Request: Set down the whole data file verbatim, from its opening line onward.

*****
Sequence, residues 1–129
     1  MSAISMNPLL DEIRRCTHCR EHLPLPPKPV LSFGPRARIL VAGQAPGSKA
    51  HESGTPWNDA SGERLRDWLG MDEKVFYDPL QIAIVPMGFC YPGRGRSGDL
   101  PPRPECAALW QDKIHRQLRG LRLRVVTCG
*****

Sequence, residues 1–129
     1  MSAISMNPLL DEIRRCTHCR EHLPLPPKPV LSFGPRARIL VAGQAPGSKA
    51  HESGTPWNDA SGERLRDWLG MDEKVFYDPL QIAIVPMGFC YPGRGRSGDL
   101  PPRPECAALW QDKIHRQLRG LRLRVVTCG